‘Better Call Saul’ Season 6 Episode 8 Spoilers & Recap

Jimmy McGill Better Call Saul

AMC Bob Odenkirk as Jimmy McGill/Saul Goodman in "Better Call Saul" season 6.

We’re back, folks! After nearly two months of “Better Call Saul” on hiatus, season 6 resumes tonight with the beginning of Part 2, the eighth episode of the season overall. Tonight will be the first of the show’s final six episodes.

We left off with the finale of Season 6 Part 1, in which, as per usual, we were left with a massive cliffhanger. Jimmy and Kim finally executed their longstanding plan of tanking Howard’s career, in which they set in motion a complex and pernicious series of events which led to their former boss being duped into making an utter fool of himself, destroying any prospect he had with his Sandpiper clients, and possibly even destroying his career as he knew it.

We’ll never have a chance to find out, however, as the last we saw of them, Lalo Salamanca, back from his trip to Germany, entered Jimmy and Kim’s apartment in the midst of Howard’s climactic confrontation about their borderline-sociopathic scheme, and shot the HHM chief in the head, killing him. Mike and Gus, meanwhile, are aware of the threat Lalo poses, but have been misdirected into believing he’s going after Gus, not Jimmy and Kim. Will Mike once again come to the rescue? How will Jimmy escape this treacherous situation alive? Finally, we are about to find out.

At long last, let’s finally get into the episode, titled “Point and Shoot,” directed by none other than series co-creator Vince Gilligan.

Season 6 Episode 8: ‘Point and Shoot’

Part 2 of season 6 starts, as usual, with a cold open. We’re on a sandy beach, and see a man’s shoes scattered along a beach, only to approach…Howard’s car, alone and empty, his wallet and wedding ring atop the dashboard, facing the ocean. Clearly, Howard’s death is being framed as a suicide. But by who? We’ll have to wait and see.

We’re back in the present – picking up where Part 1 left off – Jimmy and Kim panicking over Howard’s dead and bloody corpse on their living room floor. Lalo orders them to calm down and sit. He then gives Jimmy his keys, as well as a hand-drawn map to a certain residence, where he wants him to knock on a door, and empty a revolver on the unlucky victim who answers. Lalo describes this victim – presumably Gus – as a “housecat … [he] kind of looks like a librarian.” Jimmy is then meant to take a snapshot of the victim as proof of the deed, then return home. Jimmy, however, worried for Kim’s safety convinces Lalo that Kim should be the one to go, against her desperate pleas otherwise. Reluctant and trembling with fear, Kim leaves.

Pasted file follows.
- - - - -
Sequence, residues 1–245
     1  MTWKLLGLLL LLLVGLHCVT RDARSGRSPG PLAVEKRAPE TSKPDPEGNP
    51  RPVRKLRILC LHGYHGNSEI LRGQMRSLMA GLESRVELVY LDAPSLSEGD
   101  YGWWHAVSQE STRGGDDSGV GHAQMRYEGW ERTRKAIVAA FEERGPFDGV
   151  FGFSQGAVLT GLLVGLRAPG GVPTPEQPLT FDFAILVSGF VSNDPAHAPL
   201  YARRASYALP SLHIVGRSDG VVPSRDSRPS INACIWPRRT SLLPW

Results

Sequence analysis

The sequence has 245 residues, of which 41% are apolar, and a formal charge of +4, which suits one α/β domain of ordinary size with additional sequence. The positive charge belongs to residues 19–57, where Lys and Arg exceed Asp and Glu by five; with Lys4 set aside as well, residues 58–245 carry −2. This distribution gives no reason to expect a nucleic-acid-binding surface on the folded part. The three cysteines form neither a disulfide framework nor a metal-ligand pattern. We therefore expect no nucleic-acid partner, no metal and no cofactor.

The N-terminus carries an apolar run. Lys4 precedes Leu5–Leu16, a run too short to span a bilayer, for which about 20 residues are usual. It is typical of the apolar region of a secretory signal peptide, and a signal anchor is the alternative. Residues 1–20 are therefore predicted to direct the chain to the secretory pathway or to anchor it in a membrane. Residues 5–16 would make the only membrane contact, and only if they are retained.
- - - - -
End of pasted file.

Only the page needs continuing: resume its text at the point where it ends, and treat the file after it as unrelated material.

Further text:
“Now, what to do with you?” Lalo asks Jimmy now that they’re alone. What he does is ziptie him to a chair. Lalo recounts the tale of the attempted assassination against him, where, instead of killing him, the assassins “killed people I care about.” Lalo then confronts him about his association with the late Nacho Varga, who he knows was involved with the attempt on his life. In response, we hear the words that made Saul Goodman famous 13 years ago: “It wasn’t me, it was Ignac–!” Before he is able to finish, however, he is cut off by a makeshift gag, and Lalo leaves.

Kim is on her way to this mysterious destination, where she runs into a couple of cops who idly pull up next to her. She is tempted to presumably cry out to them for help, but keeps her mouth shut. Eventually, she makes her way to the destination, and approaches the black door. She rings the doorbell, the peephole blackens, and just as the door opens, she is swept inside by a man from behind.

Turns out the house Kim was sent to was Gus’s, and the man who swept her inside was Mike. Mike interrogates her about what she was brought there to do, and she tells all, screaming at him about why he broke his promise to protect her and Jimmy. Mike then marches to Gus, who has been observing all from another room, via surveillance cameras, and leaves with his crew, assuming Lalo is still at Jimmy’s.

Turns out this was Lalo’s plan all along, and he infiltrates Gus’s house (bypassing the little remaining security he has left) while Mike and most of Gus’s protection are absent. Gus, however, is still nervous, and likely knows something is up. He then calls Kim, and asks her why Lalo sent her. She tells him he wanted to send Jimmy at first, but Jimmy “talked him out of it,” which astounds Gus. He then exits the room with two of his men, a new plan afoot.

Outside Jimmy’s, Mike’s men, who notice something (Jimmy) moving inside Jimmy’s apartment, secures a perimeter around his building while Mike and his team infiltrate it.